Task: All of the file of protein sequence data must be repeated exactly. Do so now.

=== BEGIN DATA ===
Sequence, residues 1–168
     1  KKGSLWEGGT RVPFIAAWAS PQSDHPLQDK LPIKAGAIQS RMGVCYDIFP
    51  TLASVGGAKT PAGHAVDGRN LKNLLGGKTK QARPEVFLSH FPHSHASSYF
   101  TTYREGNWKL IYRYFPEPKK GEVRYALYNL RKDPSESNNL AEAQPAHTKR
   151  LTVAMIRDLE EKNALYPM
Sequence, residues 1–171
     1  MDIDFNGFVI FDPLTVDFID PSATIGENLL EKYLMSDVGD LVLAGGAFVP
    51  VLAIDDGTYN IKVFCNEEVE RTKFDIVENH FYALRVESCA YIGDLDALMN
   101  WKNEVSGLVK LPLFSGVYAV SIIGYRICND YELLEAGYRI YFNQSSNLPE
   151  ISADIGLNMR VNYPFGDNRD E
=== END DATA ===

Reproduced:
Sequence, residues 1–168
     1  KKGSLWEGGT RVPFIAAWAS PQSDHPLQDK LPIKAGAIQS RMGVCYDIFP
    51  TLASVGGAKT PAGHAVDGRN LKNLLGGKTK QARPEVFLSH FPHSHASSYF
   101  TTYREGNWKL IYRYFPEPKK GEVRYALYNL RKDPSESNNL AEAQPAHTKR
   151  LTVAMIRDLE EKNALYPM
Sequence, residues 1–171
     1  MDIDFNGFVI FDPLTVDFID PSATIGENLL EKYLMSDVGD LVLAGGAFVP
    51  VLAIDDGTYN IKVFCNEEVE RTKFDIVENH FYALRVESCA YIGDLDALMN
   101  WKNEVSGLVK LPLFSGVYAV SIIGYRICND YELLEAGYRI YFNQSSNLPE
   151  ISADIGLNMR VNYPFGDNRD E